- Clinical professionals typically do not receive formal training in mTBI management that would include return to play/learn/work. As a result, frontline professionals, including ambulance staff and GPs, do not have standard protocols or training. A recent survey from the University of Edinburgh highlighted that clinical year medical students had key gaps in concussion knowledge and management and a desire for this education in their curriculum (personal communication, Dr Stephanie Adams).
- There is a large variation in the content and quality of discharge information given to patients following attendance at A&E or assessment by ambulance staff following a head injury. This information is mostly focused on ‘red flag’ symptoms indicative of more serious injury [Helen Hall, Mild Traumatic Brain Injury Provision in the East of England, Concussion Action Programme, University of East Anglia Health and Social Care Partners, 2021].
- mTBI is under-reported because injury coding system allows for people presenting with mTBI to be coded as a musculoskeletal or facial injury. There is not a specific category for sport-related mTBI.
- 25% of the head injuries attended by Ambulance Service do not go to A&E, and there is no specific pathway for follow up.
- Many people with mTBI do not seek medical advice or support and manage their return to sport/study/work on their own without adequate information.
The government response to the APPG recommendations puts the responsibility on the sporting NGBs. We believe the oral testimony given to the DCMS committee demonstrates very clearly that the NGBs have not met their responsibility and have a conflict of interest where player welfare is at odds with the business of the game. NGBs have no obligation to conduct research for the public good or to conduct awareness campaigns for the public. Sport-related brain injury is a public health issue – we urge the government to take a significant leadership role in the following areas:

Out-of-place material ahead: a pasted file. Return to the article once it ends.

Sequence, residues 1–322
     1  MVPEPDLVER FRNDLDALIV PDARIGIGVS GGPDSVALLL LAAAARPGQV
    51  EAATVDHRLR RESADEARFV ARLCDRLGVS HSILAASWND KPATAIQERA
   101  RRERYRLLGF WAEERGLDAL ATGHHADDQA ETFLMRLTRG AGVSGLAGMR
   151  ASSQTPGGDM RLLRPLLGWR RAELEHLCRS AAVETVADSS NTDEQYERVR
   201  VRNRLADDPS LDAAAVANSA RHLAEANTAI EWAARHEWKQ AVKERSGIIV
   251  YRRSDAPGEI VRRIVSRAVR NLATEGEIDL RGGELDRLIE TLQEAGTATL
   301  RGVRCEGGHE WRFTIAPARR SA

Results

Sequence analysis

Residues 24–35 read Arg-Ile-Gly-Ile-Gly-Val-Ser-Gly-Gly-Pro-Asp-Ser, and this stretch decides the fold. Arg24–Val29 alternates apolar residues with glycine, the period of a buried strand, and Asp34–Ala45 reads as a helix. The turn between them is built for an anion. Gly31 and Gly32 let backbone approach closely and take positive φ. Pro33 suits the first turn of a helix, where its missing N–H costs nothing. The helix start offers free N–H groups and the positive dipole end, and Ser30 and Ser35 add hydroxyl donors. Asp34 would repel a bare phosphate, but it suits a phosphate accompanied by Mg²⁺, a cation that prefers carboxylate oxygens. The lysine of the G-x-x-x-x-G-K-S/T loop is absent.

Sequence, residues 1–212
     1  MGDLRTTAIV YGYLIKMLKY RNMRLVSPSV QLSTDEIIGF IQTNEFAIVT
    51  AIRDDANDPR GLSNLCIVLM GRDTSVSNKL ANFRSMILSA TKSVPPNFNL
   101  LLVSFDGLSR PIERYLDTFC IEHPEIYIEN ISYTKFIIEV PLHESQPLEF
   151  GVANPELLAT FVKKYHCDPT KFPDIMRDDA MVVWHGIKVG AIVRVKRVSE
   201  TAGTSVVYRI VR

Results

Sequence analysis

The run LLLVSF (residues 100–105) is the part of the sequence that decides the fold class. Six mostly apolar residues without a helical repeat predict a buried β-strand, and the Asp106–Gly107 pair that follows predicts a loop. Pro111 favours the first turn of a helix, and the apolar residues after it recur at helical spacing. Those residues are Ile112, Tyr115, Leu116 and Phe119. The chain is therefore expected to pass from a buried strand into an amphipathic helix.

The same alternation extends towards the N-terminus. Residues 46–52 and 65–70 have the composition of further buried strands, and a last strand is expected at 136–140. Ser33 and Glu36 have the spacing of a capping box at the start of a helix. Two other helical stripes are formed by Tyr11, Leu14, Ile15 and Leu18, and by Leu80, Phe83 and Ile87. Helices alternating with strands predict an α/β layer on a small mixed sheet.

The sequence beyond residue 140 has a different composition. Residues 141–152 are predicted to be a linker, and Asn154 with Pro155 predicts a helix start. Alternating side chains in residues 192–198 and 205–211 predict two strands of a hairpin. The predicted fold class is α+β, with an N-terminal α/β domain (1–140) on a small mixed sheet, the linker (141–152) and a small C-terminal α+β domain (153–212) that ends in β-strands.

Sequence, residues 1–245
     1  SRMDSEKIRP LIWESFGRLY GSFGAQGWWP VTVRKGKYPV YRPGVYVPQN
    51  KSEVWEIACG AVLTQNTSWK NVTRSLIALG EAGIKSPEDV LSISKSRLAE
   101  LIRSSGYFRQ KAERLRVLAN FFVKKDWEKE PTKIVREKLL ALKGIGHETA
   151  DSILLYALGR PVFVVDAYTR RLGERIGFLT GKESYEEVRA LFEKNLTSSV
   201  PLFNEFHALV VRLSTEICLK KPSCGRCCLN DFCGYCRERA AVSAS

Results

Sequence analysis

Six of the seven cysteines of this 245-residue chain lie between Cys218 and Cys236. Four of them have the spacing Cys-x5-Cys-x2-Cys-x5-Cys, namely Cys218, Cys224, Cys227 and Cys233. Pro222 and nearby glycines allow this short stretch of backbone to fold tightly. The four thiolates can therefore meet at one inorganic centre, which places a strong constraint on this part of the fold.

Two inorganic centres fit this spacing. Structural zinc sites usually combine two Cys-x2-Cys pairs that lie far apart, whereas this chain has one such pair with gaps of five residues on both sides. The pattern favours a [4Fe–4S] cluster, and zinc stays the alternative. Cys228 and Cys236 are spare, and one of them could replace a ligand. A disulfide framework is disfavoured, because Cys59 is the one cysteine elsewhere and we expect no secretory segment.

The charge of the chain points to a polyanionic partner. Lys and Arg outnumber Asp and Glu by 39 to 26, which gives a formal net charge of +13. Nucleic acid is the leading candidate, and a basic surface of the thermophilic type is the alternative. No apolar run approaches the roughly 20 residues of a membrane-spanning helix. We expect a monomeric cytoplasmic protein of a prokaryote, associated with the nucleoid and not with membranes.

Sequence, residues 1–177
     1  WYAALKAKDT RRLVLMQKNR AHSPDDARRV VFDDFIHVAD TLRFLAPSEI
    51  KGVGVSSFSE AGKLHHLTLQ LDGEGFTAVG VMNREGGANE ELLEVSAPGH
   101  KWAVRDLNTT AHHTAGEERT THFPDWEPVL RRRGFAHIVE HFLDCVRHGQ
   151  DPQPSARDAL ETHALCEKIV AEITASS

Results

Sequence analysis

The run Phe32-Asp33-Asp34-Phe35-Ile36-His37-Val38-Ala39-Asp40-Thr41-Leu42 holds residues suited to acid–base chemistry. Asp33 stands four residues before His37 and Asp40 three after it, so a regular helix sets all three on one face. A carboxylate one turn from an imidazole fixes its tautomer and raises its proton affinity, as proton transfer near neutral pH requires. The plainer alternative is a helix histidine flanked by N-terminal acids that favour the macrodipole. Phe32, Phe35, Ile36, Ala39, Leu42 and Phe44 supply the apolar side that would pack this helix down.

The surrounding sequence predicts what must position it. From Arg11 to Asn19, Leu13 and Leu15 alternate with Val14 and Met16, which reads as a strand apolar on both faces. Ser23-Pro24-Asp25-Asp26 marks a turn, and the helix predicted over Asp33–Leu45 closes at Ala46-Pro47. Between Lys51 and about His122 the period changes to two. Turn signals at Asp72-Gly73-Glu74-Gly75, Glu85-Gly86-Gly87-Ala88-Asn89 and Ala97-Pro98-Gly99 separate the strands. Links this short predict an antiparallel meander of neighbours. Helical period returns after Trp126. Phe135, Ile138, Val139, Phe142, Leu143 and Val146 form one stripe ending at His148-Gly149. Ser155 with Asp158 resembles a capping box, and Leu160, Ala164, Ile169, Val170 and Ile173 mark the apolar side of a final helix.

- Funding for concussion research should be independent, transparent and involve all stakeholders.
- Funding should be led by the government, potentially under the auspices of UK Research and Innovation bodies (e.g. BBSRC, MRC, etc), Public Health England/Scotland/Wales, NIHR, or Sport England/Scotland/Wales. Financial contribution to research should be encouraged by NGBs. Specific funding calls reflecting the interest of NGBs and public health could be co-funded.
- This is a public health issue – Public Health England/Scotland/Wales and Sport England/Scotland/Wales should be stakeholders in this research and contribute to it financially.
- Government should be providing leadership – it is insufficient to leave this to NGBs who do not have a public health remit.
- This should be an approach led by Department for Education and Department of Health and Social Care, Public Health England/Scotland/Wales rather than individual sporting bodies.
Consistent Diagnosis and Care
- Specific Continuing Professional Development (CPD) in sport-related mTBI should be required for frontline health care workers.
- A better management system that follows known return to play/learn/work guidelines should be implemented.
- Following a concussion diagnosis, patients should not return to full-time sport/study/work until cleared by a medical professional with appropriate CPD training.
- First aid training and concussion awareness training should be mandatory for physical education teachers. For new teachers, this could be implemented during the university training. Education should be followed up with regular CPD in concussion.